In the popular 1985 movie “Back to the Future”, it was predicted that by the year 2015, we would have the ability to fly our cars in the friendly skies. While that version of the future never became reality, we do have a major change to the state of transportation on the horizon with driverless technology.
So what does that mean for the $700-billion trucking industry in the United States? A significant overhaul in the way transportation is managed. And what is the message for anyone working in the supply chain industry? Driverless trucks will change the future.
In the United States as of May 2016, according to Hybridcars.com, eight states allow self-driving vehicles. Nevada was the first state to authorize self-driving vehicles in 2011, and California, Michigan, Florida, North Dakota, Tennessee, and Utah followed. Arizona’s governor has issued an executive order allowing for testing self-driving cars as well.
Additionally, the driverless vehicle industry in April 2016 announced the formation of a lobbying group called the Self Driving Coalition for Safer Streets. Volvo, Ford, Google, and ride-sharing giants Uber and Lyft formed the coalition to advance the interests of self-driving cars. The group aims to push the development of self-driving vehicles among lawmakers, regulators, civic groups, businesses, and local governments. The group’s spokesman is David Strickland, chief of the National Highway Traffic Safety Administration from 2010 to 2014.
The two major benefits fueling driverless technology are safety and economics. On the safety side, the National Highway Traffic Safety Administration reports more than 90 percent of car crashes are caused by human error. How often have you seen another driver looking down at their phone instead of the road? Or, worse yet, how often have you caught yourself doing this? The reality is that driving is the distraction. As the driverless technology continues to evolve, the goal is to create the world’s safest driver.
The potential economic benefits of driverless trucks for the trucking industry are huge. Today, based on Hours of Service regulations, the typical Over-The-Road tractor-trailer combination with one driver has about a 40% utilization factor in a 24-hour period of time.
Additionally, according to the American Trucking Associations (ATA), the trucking industry was short 48,000 drivers in 2015, with trucking companies experiencing an average of 90% annual turnover in drivers. The driver workforce is aging, with the median age of truck drivers being 49 years old, compared to 42 years old for all other U.S. workers, according to the ATA. With driverless trucks that can operate around the clock, the same amount of freight could get hauled with roughly 40% less trucks on the road. Start to think about what that could do to overburdened highway systems in terms of reducing congestion, increasing safety, as well as less wear and tear on roads because of less truck traffic. Additionally, carriers should get higher returns on their assets, while simultaneously shippers should enjoy lower rates.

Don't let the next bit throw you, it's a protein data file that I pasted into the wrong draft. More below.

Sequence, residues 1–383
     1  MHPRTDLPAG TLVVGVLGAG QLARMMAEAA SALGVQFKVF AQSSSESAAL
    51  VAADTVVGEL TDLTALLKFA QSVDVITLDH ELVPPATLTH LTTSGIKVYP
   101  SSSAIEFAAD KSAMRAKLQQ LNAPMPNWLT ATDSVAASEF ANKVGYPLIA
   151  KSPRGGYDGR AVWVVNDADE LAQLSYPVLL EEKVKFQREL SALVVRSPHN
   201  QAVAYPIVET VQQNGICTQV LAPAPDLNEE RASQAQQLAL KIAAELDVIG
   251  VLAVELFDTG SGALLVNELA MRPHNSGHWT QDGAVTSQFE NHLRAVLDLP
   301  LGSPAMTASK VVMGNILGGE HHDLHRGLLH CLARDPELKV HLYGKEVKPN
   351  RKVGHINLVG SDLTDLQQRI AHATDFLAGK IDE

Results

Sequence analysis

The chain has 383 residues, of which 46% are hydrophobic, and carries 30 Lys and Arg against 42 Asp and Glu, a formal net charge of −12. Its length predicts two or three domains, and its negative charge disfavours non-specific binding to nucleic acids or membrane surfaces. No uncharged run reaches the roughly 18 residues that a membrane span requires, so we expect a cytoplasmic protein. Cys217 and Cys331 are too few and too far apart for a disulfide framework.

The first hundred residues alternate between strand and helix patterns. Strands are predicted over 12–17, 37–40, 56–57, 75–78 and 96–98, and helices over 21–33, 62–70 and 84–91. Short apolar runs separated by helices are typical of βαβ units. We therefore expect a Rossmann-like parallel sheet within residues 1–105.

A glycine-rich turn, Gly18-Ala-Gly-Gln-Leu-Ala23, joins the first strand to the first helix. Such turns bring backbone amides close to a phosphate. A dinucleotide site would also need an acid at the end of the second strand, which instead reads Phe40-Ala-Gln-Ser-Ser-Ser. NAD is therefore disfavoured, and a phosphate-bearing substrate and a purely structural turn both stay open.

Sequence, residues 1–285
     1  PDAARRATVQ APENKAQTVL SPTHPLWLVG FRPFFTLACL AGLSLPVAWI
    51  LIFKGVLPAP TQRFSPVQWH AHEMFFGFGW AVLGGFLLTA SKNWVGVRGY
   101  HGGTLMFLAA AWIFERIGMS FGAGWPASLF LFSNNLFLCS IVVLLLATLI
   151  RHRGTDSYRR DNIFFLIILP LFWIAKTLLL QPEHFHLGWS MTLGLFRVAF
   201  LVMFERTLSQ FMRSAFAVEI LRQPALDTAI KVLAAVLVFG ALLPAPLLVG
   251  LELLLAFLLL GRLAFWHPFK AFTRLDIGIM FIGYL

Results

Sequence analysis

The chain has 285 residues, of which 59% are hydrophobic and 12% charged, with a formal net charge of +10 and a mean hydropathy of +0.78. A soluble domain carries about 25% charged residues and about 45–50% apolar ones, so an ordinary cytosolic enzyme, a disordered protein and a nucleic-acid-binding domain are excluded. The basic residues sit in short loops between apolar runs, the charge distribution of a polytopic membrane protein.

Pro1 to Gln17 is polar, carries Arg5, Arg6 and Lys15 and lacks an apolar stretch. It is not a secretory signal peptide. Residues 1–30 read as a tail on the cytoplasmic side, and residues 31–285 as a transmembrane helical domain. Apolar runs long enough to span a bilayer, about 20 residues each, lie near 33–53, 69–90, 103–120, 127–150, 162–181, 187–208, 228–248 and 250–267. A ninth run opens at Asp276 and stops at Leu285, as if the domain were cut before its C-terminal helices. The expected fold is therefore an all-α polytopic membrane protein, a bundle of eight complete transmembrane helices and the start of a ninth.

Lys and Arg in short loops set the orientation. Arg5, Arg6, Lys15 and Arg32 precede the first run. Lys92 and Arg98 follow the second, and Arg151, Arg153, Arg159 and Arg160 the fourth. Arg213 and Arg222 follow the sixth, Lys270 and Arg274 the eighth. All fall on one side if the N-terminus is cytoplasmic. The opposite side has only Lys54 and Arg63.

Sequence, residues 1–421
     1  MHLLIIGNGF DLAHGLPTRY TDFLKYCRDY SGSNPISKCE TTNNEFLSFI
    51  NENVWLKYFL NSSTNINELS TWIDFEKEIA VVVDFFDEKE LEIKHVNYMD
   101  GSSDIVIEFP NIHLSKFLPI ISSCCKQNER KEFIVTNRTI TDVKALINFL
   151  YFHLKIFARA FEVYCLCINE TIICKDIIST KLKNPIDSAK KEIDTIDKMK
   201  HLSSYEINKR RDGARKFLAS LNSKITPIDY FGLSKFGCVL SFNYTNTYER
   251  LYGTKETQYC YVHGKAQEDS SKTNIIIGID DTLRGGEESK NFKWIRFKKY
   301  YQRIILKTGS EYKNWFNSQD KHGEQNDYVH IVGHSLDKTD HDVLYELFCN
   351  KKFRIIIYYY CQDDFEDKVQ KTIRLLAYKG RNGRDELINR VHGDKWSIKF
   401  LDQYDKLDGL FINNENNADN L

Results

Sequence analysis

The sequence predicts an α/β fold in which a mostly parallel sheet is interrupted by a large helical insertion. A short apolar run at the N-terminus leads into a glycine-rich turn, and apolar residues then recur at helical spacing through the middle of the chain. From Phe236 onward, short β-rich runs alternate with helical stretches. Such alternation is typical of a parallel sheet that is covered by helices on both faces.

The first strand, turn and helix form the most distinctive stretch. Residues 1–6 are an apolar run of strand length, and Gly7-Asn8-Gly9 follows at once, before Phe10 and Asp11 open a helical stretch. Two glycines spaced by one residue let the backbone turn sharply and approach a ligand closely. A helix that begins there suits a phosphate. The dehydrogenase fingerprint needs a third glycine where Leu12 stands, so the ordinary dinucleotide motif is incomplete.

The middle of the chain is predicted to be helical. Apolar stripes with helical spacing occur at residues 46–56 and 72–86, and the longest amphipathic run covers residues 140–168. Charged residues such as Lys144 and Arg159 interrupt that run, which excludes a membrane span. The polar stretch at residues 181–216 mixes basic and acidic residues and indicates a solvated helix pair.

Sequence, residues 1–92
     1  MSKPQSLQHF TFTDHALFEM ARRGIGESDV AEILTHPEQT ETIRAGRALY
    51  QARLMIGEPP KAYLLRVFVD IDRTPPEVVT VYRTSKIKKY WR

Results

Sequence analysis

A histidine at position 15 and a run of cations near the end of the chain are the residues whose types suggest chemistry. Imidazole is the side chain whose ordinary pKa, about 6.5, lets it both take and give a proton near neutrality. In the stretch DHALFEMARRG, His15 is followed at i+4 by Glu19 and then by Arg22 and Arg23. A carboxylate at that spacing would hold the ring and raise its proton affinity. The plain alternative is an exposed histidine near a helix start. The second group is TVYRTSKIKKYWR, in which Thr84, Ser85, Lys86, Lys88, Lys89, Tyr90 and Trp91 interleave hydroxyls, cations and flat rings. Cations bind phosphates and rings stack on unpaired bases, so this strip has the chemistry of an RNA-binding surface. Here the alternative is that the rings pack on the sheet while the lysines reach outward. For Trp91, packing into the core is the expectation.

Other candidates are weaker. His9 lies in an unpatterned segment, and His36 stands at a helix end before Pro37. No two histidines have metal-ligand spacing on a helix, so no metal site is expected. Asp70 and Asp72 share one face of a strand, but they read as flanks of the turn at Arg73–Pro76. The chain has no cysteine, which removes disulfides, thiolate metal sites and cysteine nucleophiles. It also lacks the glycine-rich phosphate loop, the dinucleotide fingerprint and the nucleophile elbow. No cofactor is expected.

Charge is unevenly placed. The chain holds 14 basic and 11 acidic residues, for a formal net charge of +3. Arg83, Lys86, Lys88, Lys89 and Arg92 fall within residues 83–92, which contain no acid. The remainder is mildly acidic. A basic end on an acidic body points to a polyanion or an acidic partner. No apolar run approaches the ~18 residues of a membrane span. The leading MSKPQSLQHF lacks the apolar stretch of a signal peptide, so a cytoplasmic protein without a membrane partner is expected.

The driverless truck technology will help alleviate the driver shortage, but it won’t eliminate the need for truck drivers. Many believe the driverless trucks will initially be deployed to the interstate systems only, with local drivers engaging with the driverless trucks to perform the first mile and final mile pickups and deliveries on the secondary road systems.
Future Supply Chain Strategy
The driverless truck phenomenon is closer to reality than you think, and that means it’s time to start strategizing how this could impact supply chains. Here are three areas to start considering:
- Network Design: Many organizations locate their distribution centers based on network models that use assumptions that the distanced traveled by a truck is approximately 500 miles per day. Based on the customers’ market, this drives the size, number, and locations of distribution centers. If the new reality is closer to 1,000 miles per day, the number of distribution centers required and the location and size of those distribution centers will significantly shift. A typical model of 5 distribution centers strategically located across the United States as an example could shift to 2 larger distribution centers located in entirely different markets in the future.
- Speed of Delivery: With fewer trucks on the road, less congestion, and longer distances traveled in a 24-hour period, the speed of delivery will increase. This could have trickle down effects on ordering patterns, lead times, inventory levels and safety stocks.
- Cost of Goods: Since transportation costs are a significant portion of the cost of goods sold, we could experience lower prices for products in the marketplace, as well as shifts in sourcing strategies.
So how soon can we expect to see a driverless truck in our rearview mirror on a daily basis? The answer to that question will likely be driven by the government regulators and legislators. It is hard to say for certain, but I know we won’t have to travel 30 years into the future for this new reality to become a way of life.